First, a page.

In his audio commentary, entertainment journalist and author Bryan Reesman outlines the basic plot of The Seduction of Joe Tynan and makes a point of stating that the film was made during the era of bi-partisan politics. The current political climate in Washington is compared to that depicted in the film. Alda spent three years writing the film while starring on TV in M*A*S*H, and gained behind-the-camera experience by directing some of the show’s episodes. He got the idea for the film while campaigning for the Equal Rights Amendment and noticing that many politicians were more style than substance. Alda’s subsequent work on TV and in movies is chronicled. Noting that Melvyn Douglas “brings the right amount of gravitas” to his role, Reesman provides an extensive career overview. Some of the big films of 1979 are mentioned. The Clarence Thomas and Brett Kavanaugh Supreme Court hearings and the allegations brought against them recall the controversial nominee for the high court in the film.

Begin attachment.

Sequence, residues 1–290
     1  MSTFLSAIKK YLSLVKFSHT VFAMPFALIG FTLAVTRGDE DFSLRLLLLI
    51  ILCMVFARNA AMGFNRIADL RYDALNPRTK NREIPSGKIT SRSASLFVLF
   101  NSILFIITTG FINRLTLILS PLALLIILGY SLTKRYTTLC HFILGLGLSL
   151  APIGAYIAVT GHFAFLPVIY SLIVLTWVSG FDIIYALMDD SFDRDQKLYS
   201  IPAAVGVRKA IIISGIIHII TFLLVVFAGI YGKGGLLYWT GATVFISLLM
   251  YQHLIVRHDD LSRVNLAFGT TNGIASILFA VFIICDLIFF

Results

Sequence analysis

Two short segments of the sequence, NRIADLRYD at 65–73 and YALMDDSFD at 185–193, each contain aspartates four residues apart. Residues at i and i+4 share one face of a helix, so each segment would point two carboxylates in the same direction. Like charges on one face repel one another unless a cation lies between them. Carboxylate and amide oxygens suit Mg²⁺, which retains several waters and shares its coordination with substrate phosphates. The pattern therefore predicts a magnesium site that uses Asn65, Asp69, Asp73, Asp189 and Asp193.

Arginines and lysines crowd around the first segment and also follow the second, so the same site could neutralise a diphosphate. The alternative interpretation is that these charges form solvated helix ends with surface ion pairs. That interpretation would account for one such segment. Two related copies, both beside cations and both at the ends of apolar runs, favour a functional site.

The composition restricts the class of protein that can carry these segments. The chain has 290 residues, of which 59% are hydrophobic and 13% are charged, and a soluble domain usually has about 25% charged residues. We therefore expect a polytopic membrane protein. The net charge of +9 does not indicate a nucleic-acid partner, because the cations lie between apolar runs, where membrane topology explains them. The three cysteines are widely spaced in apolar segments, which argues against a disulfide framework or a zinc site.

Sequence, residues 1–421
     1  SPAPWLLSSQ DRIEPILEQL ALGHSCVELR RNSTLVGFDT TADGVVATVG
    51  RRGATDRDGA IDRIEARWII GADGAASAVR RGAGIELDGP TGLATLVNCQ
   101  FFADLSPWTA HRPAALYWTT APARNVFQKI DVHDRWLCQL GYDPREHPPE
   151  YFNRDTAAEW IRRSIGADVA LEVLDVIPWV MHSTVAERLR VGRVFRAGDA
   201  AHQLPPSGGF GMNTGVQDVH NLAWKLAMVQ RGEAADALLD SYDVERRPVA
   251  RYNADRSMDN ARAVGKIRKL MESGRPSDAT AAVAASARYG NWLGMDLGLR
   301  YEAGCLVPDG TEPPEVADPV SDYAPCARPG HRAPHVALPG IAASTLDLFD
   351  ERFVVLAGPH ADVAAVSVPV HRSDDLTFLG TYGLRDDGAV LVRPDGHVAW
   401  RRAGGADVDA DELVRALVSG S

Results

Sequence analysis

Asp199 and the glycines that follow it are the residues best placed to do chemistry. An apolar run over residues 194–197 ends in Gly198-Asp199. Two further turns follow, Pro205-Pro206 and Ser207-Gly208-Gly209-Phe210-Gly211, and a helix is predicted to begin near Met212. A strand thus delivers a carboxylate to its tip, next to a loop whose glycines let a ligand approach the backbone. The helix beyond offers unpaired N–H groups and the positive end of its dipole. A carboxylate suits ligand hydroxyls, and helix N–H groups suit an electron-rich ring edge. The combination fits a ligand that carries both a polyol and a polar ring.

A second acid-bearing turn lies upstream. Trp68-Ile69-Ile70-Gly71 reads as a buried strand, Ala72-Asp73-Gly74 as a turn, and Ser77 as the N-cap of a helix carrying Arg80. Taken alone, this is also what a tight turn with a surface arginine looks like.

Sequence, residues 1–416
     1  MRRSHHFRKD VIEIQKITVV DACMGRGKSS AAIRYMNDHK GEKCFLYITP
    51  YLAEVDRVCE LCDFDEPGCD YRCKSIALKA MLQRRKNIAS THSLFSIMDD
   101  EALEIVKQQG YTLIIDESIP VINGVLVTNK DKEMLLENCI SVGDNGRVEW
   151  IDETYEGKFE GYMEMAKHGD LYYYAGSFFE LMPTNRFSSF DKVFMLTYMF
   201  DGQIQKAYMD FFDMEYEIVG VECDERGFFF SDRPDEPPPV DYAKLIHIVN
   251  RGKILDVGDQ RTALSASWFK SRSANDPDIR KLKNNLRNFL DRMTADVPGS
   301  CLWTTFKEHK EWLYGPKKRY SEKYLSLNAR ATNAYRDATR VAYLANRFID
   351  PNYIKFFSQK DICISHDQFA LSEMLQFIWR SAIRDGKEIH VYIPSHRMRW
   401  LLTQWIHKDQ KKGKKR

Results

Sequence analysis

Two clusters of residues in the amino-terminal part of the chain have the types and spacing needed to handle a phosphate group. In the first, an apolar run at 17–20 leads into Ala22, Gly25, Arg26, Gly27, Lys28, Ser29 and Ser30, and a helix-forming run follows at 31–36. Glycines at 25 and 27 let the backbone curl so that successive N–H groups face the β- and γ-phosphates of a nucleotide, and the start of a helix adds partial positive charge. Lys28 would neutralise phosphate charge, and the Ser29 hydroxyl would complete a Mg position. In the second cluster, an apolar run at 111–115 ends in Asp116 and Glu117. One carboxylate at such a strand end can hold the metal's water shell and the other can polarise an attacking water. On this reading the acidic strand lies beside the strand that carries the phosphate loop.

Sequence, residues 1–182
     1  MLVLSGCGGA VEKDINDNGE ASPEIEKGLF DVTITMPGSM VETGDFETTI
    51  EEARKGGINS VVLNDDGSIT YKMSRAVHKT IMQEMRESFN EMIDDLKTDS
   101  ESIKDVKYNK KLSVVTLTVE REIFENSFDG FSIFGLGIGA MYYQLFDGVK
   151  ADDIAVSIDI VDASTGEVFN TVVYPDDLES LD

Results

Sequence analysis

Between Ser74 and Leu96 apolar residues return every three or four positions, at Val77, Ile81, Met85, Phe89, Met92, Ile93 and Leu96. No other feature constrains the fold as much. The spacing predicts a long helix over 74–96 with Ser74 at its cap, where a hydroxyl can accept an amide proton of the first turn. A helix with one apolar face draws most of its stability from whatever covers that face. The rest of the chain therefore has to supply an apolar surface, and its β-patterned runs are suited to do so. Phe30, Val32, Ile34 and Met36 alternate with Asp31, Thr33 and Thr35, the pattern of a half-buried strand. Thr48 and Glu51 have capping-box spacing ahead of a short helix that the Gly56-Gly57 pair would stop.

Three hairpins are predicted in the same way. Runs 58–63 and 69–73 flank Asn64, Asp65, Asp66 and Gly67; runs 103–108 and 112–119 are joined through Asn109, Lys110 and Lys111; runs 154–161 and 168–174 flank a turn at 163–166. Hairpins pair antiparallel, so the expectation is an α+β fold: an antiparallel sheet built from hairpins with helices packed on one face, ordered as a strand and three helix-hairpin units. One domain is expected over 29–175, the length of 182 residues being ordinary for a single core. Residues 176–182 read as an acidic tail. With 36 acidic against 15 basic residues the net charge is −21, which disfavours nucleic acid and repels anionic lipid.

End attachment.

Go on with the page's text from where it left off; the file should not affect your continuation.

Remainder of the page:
My reaction to The Seduction of Joe Tynan is pretty much the same as when I saw it during its original release. The film never rises above a routine political drama with few surprises. It’s nice to see Meryl Streep in a role just before she became a huge star. She gives us a hint, with her light Louisiana drawl, of the many accents she would adopt so believably in movies to come. But Alda simply doesn’t have the screen presence to completely inhabit Tynan. I never saw him as other than Alan Alda, while Streep, Harris, Douglas and Kimbrough morph into their roles effortlessly.

- Dennis Seuling